A Class B felony imposes a possible imprisonment of more than one year but not more than 7 years. Probation can be up to five years.

Retain a New Hampshire Domestic Abuse Defense Attorney

Finding the proper New Hampshire domestic abuse defense lawyer is essential if you have been charged with domestic violence or abuse or with any associated criminal charges.

Regardless if there are significant changes to the domestic violence laws in NH pertaining to how and when law enforcement can arrest someone and when you can be charged, a domestic violence and abuse charge is a serious manner.

In some instances, a vindictive spouse or ex-partner may falsely accuse you of domestic violence to gain custody over children or for some other purpose. If you are arrested and charged with domestic violence and abuse, you need the services of Ryan Russman, one of New Hampshire’s premiere criminal defense attorneys.

A criminal conviction could result in the loss of your freedom as …

No Picture
General Article

Considerations when shopping for petite dresses

Wearing perfectly fitting clothing that highlights the parts of the body you like is one of the ideal ways you can enhance your confidence. However, when it comes to petites, it can be problematic to get the appropriate clothing. In reality, apart from dressing to match your body shape, you also need to consider your height. To assist you in navigating through your wardrobe, this guide highlights what you can shop for petite dresses.

Considerations when shopping for petite dresses

Ankle length

If you like to wear longer hems, you can choose those that go up to the ground level. For instance, during summer, you can pair breezy cotton sundresses that cover your ankles with casual footwear and espadrille sandals.


If you want your legs to appear lean and long, ensure you show more leg length. In this case, the dresses which hit slightly above or at the knee are the most flattering for women with petite body shapes. However, you do not want to choose a short dress because, wearing a micro-mini, you can risk appearing like a little girl.

Wrap style

A wrap-style can establish a flattering figure for petite women. However, since the dress is not broken up severely or sharply, it can still establish a smooth silhouette.

Vertical details

Having a dress with stripes that run at its center can establish a taller appearance. Admittedly, it will help in attracting the attention of the viewer.


Naturally, the v-necklines are flattering to most body types, even for petites. In particular, the V-neck will show your neck, giving an illusion that you have a long, lean neck.

Dresses to avoid

Horizontal stripes

Petite women need to avoid dresses with horizontal stripes because they will draw the eye horizontally instead of vertically.

Different colors

For a dress to best flatter women’s petite body shapes, it needs to have a monochromatic pattern. In particular, petite women should not wear dresses with one color at the top and another different one at the bottom, because such dresses will cut the body in half.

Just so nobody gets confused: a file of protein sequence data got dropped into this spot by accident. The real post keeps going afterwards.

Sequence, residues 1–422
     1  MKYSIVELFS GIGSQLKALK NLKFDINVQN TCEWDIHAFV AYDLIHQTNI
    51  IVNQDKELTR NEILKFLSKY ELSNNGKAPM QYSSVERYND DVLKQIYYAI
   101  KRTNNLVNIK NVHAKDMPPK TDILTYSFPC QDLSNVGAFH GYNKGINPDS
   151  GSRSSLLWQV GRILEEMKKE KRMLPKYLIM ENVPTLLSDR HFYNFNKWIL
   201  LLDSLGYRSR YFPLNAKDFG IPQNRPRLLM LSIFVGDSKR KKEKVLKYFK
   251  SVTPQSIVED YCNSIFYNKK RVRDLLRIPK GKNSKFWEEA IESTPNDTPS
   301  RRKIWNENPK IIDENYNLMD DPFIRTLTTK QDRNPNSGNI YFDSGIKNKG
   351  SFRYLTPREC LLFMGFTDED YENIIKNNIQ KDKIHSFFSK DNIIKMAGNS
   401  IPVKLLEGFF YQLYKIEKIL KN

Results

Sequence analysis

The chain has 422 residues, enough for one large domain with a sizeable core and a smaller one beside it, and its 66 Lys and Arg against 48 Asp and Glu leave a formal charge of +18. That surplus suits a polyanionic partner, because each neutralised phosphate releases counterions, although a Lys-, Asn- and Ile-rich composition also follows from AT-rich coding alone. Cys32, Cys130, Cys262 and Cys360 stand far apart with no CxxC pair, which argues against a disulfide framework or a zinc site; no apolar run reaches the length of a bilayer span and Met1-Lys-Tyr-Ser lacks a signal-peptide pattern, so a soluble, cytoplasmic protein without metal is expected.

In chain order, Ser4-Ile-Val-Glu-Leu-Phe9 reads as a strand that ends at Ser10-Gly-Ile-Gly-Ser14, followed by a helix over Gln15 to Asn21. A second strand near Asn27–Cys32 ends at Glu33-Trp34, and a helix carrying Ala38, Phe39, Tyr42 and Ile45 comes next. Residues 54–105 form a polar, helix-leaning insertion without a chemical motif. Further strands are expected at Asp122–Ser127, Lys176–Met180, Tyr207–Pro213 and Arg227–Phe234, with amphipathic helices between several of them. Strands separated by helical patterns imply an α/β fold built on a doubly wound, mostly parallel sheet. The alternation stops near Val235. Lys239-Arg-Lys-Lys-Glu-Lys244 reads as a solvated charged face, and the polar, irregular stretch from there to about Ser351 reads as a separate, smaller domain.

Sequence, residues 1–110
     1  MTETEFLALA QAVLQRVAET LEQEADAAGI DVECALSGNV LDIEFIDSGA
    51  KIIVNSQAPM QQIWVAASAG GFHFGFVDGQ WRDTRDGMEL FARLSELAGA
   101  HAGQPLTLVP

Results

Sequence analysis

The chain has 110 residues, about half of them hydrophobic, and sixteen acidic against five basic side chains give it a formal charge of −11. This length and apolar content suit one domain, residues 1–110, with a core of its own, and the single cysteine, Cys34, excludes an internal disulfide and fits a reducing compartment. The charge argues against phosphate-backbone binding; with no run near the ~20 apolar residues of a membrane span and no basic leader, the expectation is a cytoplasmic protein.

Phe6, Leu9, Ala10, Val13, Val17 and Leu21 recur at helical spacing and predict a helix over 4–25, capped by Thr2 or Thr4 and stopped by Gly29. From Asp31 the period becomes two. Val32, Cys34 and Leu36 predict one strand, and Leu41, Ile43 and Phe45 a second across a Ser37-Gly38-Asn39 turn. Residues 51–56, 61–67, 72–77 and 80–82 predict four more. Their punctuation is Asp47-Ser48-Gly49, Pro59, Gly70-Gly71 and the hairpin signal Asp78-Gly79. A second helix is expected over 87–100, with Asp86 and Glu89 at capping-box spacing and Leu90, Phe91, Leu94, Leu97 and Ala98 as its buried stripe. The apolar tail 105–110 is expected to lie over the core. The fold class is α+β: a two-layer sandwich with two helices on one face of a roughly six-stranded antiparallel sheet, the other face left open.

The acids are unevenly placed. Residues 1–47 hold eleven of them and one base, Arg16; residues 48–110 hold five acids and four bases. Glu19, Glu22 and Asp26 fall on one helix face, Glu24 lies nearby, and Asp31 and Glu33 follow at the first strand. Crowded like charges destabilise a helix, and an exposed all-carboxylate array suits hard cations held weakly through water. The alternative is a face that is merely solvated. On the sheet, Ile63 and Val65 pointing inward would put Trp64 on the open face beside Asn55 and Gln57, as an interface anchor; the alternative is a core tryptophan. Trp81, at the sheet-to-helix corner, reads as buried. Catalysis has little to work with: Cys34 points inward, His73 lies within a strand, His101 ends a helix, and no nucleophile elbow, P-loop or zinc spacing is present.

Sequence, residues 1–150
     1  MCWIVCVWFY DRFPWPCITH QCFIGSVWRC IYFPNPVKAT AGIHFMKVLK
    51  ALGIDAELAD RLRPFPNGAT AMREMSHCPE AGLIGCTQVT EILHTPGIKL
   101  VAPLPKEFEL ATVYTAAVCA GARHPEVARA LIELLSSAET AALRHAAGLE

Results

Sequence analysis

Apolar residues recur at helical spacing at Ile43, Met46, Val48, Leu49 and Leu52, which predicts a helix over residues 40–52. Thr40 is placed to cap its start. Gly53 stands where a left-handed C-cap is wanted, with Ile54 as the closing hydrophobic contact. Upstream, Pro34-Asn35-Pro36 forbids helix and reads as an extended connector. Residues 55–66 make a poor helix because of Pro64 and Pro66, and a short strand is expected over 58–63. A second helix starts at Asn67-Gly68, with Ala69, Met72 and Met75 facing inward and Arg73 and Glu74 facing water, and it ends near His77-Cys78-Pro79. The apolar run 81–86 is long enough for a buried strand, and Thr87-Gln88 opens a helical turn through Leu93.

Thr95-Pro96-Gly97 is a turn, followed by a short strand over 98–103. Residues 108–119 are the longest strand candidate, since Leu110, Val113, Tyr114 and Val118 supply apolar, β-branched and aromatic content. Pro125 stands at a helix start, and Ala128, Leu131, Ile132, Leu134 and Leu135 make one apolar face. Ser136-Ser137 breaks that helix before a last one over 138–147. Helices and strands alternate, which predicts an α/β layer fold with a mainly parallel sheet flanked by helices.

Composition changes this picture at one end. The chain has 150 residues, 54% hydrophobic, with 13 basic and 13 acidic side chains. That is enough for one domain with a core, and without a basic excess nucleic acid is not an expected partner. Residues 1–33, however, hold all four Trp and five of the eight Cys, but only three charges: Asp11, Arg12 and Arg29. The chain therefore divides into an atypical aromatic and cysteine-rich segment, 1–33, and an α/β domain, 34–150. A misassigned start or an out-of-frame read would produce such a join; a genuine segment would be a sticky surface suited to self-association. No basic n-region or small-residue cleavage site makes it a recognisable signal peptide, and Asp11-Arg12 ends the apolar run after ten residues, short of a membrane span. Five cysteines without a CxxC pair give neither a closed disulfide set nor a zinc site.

Dresses that hang at the middle of the lower part of the leg will not offer the long look you might be attempting to achieve.

No Picture
General Article

Information For Hiring a Criminal Lawyer

Information For Hiring a Criminal Lawyer

Are you in need of hiring a criminal lawyer in the state of California? Do you know what questions you should ask a potential criminal lawyer before you hire him/her? Where do you find the best lawyer to defend you? These are all very good and important questions you need to be asking if you are facing criminal charges in the state of California.

The first thing you will want to do when you are in need of a lawyer is remember your US Constitutional Rights. Under the US Constitution, the Fifth Amendment states “nor shall be compelled in any criminal case to be a witness against himself, nor be deprived of life, liberty, or property, without due process of law”. What this means is that you have the right to remain silent. You should only talk to law enforcement agents after you have spoken to a qualified criminal lawyer. By remaining silent until you speak with a qualified lawyer, you will help ensure that your criminal lawyer will be able to effectively protect your rights as well as possibly being able to help in reducing your sentence or fine.

The second thing to consider when hiring a lawyer is where to find the best one for you. You may want to start by visiting the courthouse and watching some of the criminal lawyers in action. If any case is similar to yours, pay close attention to the results and determine if that outcome is suitable for you. You may also check with law associations and find out who are members of that association and practice criminal law in the jurisdiction your criminal charges are pending.

The third thing to consider when hiring a lawyer is meeting with several of them prior to hiring one. Finding a good criminal lawyer can be difficult, but by visiting a few lawyers and asking them questions, you will be able to make a much better decision on whom to hire to represent you in court. There are several things you need to take into consideration when hiring a lawyer, such as their experience in cases similar to yours, does this lawyer belong to any law associations, and does the lawyer practice in the jurisdiction where you charges are pending? Also, make sure to find out if the criminal lawyer offers free initial consultation.

Once you have decided on a couple potential lawyers, ask them questions to narrow your decision down to the right one for you case. Here are a few questions you should consider asking:

How long as the lawyer been practicing criminal law in the state of California?

Do any of the lawyer’s past clients have positives things to say about the lawyer?